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Or just among maniraptorans in general. Not many avians are
Yes, true. But archaeopterygids may have been, so I thought I'd limit my
generalization to non-avian maniraptorans.
Given their size, I find it hard to not imagine lots of insects in their
However, there's *Shenzhouraptor* with the gingko fruits in its stomach, and
then there's *Omnivoropteryx*. I suppose those are why Lindsay Zanno simply
declared the birds ancestrally omnivorous in her talk without further
comment. As far as I remember, she used up her whole 15 minutes, which means
there was no time for questions.
I avoided citing "noncarnivory" as a maniraptoriform trend because some
phylogenetic analyses recover predatory theropods such as _Ornitholestes_,
compsognathids, and even tyrannosaurids inside Maniraptoriformes (i.e.,
closer to birds than ornithomimosaurs are).
Her own analysis seems not to.
There's _Boluochia_ of Early Cretaceous (Barremian) age, which had a
hooked beak and so might have been predatory.
And then there are all those avisaurids with big claws in general and a very
big claw on the 1st toe in particular. Strongly curved claws, too. No skulls
Darn, wish I'd seen Lindsay's talk. (Sadly, I wasn't at SVP either, but
Bristol is looking promising.)
Here's the abstract:
The phylogeny of Therizinosauria (Theropoda: Maniraptora): Implications for
the evolution of coelurosaurs
The past decade has witnessed a surge in our knowledge of therizinosaurs.
From their once poor fossil representation, these bizarre raptor dinosaurs
[!] are rapidly becoming one of the most diverse theropod clades, with at
least 14 species arrayed across Asia and North America. Within the past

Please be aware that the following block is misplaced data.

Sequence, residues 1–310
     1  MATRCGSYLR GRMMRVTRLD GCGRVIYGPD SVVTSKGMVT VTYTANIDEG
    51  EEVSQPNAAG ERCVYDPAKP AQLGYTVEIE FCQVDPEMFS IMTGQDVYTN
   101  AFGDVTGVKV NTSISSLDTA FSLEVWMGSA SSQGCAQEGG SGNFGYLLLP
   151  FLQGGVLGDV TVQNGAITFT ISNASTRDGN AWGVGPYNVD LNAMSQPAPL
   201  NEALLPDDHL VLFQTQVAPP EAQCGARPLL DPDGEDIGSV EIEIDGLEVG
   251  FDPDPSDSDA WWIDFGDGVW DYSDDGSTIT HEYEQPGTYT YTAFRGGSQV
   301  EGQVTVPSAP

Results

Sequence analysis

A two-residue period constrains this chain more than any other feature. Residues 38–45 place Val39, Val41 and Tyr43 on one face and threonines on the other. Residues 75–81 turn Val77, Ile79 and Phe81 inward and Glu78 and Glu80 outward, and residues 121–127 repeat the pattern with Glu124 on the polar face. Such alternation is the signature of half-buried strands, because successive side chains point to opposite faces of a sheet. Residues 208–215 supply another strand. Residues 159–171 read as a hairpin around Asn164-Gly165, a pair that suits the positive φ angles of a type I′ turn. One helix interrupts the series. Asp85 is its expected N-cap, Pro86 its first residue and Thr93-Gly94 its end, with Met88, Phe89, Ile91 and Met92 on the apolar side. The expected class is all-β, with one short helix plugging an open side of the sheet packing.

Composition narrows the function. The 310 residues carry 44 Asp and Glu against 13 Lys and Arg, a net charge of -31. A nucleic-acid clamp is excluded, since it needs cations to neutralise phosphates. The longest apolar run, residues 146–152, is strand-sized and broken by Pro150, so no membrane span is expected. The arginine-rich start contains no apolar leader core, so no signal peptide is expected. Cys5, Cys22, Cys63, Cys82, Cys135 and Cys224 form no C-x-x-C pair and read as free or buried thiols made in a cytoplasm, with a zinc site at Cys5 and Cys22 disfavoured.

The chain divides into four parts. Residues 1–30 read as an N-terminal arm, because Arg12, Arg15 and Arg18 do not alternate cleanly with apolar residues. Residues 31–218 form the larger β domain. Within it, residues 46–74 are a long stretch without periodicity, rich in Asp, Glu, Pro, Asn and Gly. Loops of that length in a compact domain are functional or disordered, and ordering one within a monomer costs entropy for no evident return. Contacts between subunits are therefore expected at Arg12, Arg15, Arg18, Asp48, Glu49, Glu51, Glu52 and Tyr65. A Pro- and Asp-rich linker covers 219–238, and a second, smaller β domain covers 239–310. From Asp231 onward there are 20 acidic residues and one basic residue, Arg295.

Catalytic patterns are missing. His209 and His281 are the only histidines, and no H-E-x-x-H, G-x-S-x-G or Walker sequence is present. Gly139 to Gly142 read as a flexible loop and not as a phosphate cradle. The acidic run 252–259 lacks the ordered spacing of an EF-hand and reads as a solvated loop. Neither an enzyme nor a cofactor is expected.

eight years alone, more new therizinosaurs have been described than were
known during the preceding half century of paleontological research. Once a
topic of controversy, the broad phylogenetic relationships of therizinosaurs
have recently been substantiated by the discovery of "transitional" Early
Cretaceous forms (e.g. *Beipiaosaurus*, *Falcarius*) whose anatomy indicates
a clear ancestry among maniraptoran dinosaurs. However, in-group
relationships among therizinosaurs are poorly constrained and the purported
monophyletic relationship between Therizinosauria [sic] and
Oviraptorosauria, although a widespread hypothesis, has received little
testing in a comprehensive phylogenetic framework. The recent discovery of
the most primitive and most complete therizinosaur known -- *Falcarius
utahensis*, from the Barremian of Utah -- offered the opportunity to
reevaluate our current understanding of this intriguing group of theropods
in light of novel anatomical information. A comprehensive phylogenetic
analysis of 14 therizinosaurs, 62 outgroup taxa, and 345 characters was
conducted to test previously proposed hypotheses on the evolution of
therizinosaurs. Results of this analysis support Therizinosauria as sister
taxon to all other maniraptoran lineages, and do not indicate a monophyletic
grouping with oviraptorosaurs. The unusually high degree of convergence
between these groups underscores the critical role of primitive taxa in
phylogenetic studies of coelurosaurian theropods. Several evolutionary
trends evident in basal therizinosaurs and oviraptorosaurs (e.g. marked
heterodonty characterized by elongate, incisiform rostral teeth) are
indicative of a dietary shift from macrofaunal predation. These features
coupled with the alternative dentition of basal ornithomimosaurs and
alvarezsaurs suggest that dietary experimentation may have been a primary
driver in the rapid diversification of Coelurosauria.
Anyway, in the case of troodontids, if these were non-hypercarnivorous,
this was probably secondary given that _Sinovenator_ (the most basal known
troodontid) was most like dromaeosaurids in its ecomorphology.
What about *Jinfengopteryx*? And who except Scott knows where this one
http://dml.cmnh.org/2005Oct/msg00461.html belongs and what teeth it has...